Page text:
Thursday, July 15, 2004
Searching for Search Stuff
I just came across a reference to Blinkx (on metafilter, though my FeedDemon watch for search related stuff actually brought it to my attention). I bring it up because I'm fascinated by what's going on with search right now, on a couple of levels.
In part it's interesting to consider how much Google has fed this trend: while it now seems obvious that search technology -- if it's good enough -- can dramatically change how we look at information and the structures used to organize it, I'm not certain how much of that is 20/20 hindsight. Prior to 1998 it was equally obvious that data should be categorized and dropped into a formal, hierarchical structure, so that users could do a search and then look for related information in the appropriate place in the hierarchy. With Google's success, suddenly everybody is about search, self-defining structures, and latent semantic analysis.
The other part that's really interesting is trying to predict how effective search will be when extended into other areas. What Google does is hard, but you've got one very handy element: there are explicit links between many of the pieces of data that you're analyzing. Rather than having to consider each data point (Web page) in isolation and arbitrarily decide which one is a "better" result for the search term alien abductions, you can check the explicit relationships (links) that exist between the data points that appear to be relevant. If one of those data points is a "hub," pointed to by many other data points, it's likely very relevant.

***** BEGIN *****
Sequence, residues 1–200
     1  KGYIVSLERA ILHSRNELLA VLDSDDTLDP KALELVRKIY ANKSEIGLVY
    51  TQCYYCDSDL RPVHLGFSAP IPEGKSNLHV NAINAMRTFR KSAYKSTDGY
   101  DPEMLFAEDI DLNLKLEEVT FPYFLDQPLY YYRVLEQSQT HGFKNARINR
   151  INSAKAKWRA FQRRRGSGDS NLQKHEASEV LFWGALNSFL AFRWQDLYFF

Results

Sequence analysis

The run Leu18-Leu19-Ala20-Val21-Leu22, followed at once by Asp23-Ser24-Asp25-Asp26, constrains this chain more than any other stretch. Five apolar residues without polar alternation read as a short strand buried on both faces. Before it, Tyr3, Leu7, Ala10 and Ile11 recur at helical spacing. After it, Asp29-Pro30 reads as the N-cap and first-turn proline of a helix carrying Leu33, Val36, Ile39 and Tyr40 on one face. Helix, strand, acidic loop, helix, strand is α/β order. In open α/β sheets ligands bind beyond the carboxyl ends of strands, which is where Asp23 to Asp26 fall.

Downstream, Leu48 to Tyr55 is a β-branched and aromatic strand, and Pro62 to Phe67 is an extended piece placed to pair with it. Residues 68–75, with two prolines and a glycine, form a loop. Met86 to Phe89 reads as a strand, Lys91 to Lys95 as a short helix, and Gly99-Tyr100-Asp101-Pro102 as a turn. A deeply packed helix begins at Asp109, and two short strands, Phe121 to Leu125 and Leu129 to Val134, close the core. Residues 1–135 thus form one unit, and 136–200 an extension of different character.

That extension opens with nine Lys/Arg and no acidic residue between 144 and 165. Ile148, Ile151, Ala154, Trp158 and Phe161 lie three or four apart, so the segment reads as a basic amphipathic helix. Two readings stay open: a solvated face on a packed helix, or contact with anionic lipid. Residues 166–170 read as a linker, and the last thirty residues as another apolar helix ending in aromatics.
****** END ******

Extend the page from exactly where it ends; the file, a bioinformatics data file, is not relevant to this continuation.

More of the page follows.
When you're searching your hard drive for that document about email filters that you were working on a couple of months ago, or searching your email for the message that had the address of the party that you're supposed to go to, you're back to evaluating each document individually. Also problematic, you're likely looking for one specific result rather than results regarding a general topic. As interest in these areas increases the tools will inevitably find new approaches to improve the process, but I suspect that it'll take a while.
While both MS and Apple have been promoting improved search on the desktop, I don't know of too much neat new stuff actually out there for the individual user. "Enterprise search" is one area where this tech is already being promoted pretty heavily, though: if anyone has any experiences in this area, I'd love to hear about them.